Sign of Sri Lanka’s hidden cultural complexities

Human religious and cultural practices tend to flow far outside neat ethnic demarcations. Often in ways that are taken for granted to the point of invisibility. For me, the most prominent manifestation of this tendency is the undercurrent of Hindu beliefs in Sinhalese and Buddhist cultural practices. Given the complex layers of histories in Sri Lankan culture, bi-cultural flows are particularly hard to spot or to explain. Shrines like the Hindu temple (Kovil) in the photograph below and of local deities are to me the most visible sign of these hidden complexities.

Sri maha Bathrakali (Bhadrakali) Amman Kovil, Warakapola

This particular kovil (- Sri maha Bathrakali (Bhadrakali) Amman Kovil) is dedicated to Bhadrakali a form of the Hindu goddess Kali. The kovil is located in Warakapola, a small town in the Sabaragamuwa Province situated half way along the A1 highway to Kurunegala (before the A1 branches off into the A6). The Google map below will make things clearer.


9 thoughts on “Sign of Sri Lanka’s hidden cultural complexities

  1. Nice contrast of red and white.Wonder where that tradition came from.
    Reminds me of Ice creame vans. Quite cherry. Kali does not look quite so scary against that cherry background 🙂

    “For me, the most prominent manifestation of this tendency is the undercurrent of Hindu beliefs in Sinhalese and Buddhist cultural practices. Given the complex layers of histories in Sri Lankan culture, bi-cultural flows are particularly hard to spot or to explain”

    Cerno, this could be the case if you were not versed in Sri Lankan or Buddhist history. A pity as both can be interesting.

    As Buddhism originated in India there are TONS of Hindu practices in temples. The kovil in the temples in only one of them. Even the Vas practice in Buddhism originates from Hinduism. The teachings of cause and effect and other core teachings differ hugely but “traditions” are similar. Even the five precepts were adopted from Hinduism.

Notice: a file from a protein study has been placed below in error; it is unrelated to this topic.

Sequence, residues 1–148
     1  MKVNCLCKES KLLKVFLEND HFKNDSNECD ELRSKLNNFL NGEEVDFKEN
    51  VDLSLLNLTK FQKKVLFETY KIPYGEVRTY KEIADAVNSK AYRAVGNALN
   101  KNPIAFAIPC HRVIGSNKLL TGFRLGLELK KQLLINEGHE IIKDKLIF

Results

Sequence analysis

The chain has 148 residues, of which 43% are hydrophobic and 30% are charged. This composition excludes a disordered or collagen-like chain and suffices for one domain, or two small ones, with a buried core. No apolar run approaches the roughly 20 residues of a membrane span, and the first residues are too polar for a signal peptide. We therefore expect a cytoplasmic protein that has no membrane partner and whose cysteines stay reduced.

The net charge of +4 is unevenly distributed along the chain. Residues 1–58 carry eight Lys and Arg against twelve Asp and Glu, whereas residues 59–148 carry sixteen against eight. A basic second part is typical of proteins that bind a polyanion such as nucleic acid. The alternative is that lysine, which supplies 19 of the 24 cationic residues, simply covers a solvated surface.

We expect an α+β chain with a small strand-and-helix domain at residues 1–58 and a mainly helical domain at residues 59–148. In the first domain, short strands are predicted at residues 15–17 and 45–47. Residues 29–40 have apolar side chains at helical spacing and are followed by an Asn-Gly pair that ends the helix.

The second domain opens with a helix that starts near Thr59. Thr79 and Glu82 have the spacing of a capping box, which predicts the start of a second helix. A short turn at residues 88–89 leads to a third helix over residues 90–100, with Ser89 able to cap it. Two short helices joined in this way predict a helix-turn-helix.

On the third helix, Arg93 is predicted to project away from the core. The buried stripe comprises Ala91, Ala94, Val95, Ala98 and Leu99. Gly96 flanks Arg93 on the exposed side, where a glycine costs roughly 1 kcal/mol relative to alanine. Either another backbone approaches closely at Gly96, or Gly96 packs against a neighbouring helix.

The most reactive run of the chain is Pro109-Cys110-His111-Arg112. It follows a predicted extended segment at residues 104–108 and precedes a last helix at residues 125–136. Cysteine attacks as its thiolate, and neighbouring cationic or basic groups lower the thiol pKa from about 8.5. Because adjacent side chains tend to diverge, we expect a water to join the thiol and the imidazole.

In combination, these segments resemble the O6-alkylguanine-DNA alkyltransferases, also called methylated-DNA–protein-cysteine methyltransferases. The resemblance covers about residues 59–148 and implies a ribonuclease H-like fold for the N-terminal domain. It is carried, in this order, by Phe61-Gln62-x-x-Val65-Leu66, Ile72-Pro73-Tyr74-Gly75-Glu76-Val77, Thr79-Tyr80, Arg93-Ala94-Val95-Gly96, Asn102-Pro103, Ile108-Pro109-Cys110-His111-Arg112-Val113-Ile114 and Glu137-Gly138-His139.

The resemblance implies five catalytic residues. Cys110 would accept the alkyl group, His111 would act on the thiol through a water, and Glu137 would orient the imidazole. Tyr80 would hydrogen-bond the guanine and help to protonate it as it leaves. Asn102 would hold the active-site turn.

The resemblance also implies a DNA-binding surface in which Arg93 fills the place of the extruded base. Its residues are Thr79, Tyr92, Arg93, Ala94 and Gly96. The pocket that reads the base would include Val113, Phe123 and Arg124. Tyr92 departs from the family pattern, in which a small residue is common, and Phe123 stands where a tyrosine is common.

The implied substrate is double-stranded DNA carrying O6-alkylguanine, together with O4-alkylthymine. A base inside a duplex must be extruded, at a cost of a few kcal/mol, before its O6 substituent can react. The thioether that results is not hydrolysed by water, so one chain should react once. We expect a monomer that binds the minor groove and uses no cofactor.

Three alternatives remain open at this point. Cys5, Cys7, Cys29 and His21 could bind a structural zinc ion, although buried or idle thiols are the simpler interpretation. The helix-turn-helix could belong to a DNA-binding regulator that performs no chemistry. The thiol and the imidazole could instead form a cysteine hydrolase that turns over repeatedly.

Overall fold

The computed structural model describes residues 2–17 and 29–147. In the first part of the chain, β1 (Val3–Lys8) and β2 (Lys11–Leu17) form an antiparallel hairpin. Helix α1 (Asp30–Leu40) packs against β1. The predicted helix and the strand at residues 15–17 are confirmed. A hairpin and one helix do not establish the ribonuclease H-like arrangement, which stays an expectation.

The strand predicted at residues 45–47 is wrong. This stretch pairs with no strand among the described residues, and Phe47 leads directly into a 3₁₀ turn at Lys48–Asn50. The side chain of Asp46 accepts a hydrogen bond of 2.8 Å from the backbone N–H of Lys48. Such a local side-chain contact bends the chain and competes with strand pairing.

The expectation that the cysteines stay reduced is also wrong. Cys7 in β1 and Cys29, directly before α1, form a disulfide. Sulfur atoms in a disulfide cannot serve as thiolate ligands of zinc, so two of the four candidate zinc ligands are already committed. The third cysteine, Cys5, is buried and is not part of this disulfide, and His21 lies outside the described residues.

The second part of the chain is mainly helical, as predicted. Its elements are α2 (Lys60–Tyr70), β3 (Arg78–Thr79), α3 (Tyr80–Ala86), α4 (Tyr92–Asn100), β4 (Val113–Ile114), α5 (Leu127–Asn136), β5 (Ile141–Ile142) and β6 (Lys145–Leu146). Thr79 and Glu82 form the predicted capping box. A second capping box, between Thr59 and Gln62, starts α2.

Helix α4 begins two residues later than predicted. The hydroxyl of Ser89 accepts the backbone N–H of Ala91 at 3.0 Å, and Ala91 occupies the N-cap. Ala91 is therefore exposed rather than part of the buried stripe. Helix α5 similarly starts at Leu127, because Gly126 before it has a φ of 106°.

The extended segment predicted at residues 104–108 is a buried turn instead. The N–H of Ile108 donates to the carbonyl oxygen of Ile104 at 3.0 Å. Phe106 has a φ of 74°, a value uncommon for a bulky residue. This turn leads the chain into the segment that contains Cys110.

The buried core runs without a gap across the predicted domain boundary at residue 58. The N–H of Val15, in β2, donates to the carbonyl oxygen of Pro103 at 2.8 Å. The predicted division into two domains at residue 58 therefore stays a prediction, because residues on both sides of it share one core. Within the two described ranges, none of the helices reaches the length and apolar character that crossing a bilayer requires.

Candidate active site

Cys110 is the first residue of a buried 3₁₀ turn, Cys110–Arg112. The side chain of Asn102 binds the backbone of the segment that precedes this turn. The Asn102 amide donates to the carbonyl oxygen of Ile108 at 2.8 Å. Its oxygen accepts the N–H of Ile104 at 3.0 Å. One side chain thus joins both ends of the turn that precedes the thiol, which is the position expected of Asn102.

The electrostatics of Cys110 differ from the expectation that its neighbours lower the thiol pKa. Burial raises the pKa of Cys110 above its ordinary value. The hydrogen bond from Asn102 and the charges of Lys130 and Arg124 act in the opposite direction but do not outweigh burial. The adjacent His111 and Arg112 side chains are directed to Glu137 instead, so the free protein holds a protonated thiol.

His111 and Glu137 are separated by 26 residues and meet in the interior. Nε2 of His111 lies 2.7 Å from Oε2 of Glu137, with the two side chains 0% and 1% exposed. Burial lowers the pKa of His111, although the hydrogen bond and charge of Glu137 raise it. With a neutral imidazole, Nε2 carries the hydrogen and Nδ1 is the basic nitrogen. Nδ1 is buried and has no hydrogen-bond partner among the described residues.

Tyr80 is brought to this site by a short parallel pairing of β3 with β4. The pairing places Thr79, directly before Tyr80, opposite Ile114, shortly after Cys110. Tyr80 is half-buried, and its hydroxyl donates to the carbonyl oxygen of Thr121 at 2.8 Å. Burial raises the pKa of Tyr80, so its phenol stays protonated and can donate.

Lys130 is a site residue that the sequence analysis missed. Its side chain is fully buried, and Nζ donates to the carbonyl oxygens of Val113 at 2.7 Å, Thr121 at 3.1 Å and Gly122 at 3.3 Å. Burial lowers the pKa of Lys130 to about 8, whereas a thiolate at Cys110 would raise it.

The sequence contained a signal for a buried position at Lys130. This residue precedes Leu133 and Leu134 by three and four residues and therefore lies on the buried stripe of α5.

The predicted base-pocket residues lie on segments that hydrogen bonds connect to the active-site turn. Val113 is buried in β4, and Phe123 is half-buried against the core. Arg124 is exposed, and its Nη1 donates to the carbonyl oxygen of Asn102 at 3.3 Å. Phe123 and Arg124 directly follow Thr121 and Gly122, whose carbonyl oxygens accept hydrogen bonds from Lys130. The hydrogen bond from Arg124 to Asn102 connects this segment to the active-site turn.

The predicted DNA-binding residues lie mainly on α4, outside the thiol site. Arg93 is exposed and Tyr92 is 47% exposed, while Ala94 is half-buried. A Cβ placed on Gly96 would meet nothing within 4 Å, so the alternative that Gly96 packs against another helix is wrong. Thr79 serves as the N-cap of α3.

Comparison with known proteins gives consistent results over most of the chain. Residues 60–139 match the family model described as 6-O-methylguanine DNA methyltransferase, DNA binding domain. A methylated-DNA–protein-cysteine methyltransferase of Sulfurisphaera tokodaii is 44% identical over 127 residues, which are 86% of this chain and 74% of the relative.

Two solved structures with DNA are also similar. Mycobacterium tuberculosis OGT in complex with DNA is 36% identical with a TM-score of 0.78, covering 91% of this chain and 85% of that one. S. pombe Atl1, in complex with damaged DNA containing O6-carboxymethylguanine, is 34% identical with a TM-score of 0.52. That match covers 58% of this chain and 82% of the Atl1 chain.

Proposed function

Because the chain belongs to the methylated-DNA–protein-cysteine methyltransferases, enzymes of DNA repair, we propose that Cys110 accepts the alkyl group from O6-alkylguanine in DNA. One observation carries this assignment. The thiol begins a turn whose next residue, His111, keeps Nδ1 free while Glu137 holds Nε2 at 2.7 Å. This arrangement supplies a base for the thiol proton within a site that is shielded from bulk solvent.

Further as many kings brought wives from India kovils were integrated in to temples to provide them with a place of worship.

    This interwoven nature of Hindism and Buddhism is one of the most interesting elements in Asian philosophies. Of course any Christians reading this would be quick to tell me that Pagan and Christian practices are similar, including the practice of chistmas and the figure of Santa itself.

    Many aplogies for the history lesson there. Like I said , plenty of time till the next ship comes in 🙂 ETA hopefully 13th Wednesday 🙂

    Wish to death that I could tell you a couple of good books to read but honestly


    1. So I’m not alone in thinking that the red and white stripe was like the old milk board shops 🙂 Hindu/Buddhist mixing – its much more prominent in the old kingdoms of Cambodia and Indonesia.

      If you got any good book recommendations on the topic please do post them.


  2. Very interesting, both your post and Anne’s comment.

    By the way, on a separate but related note, another way Hinduism has influenced Buddhism is seen in the moonstones (සඳකඩ පහන්) of the Polonnaruwa period, where the cows that were seen in the moonstones during the Anuradhapura period were removed. 🙂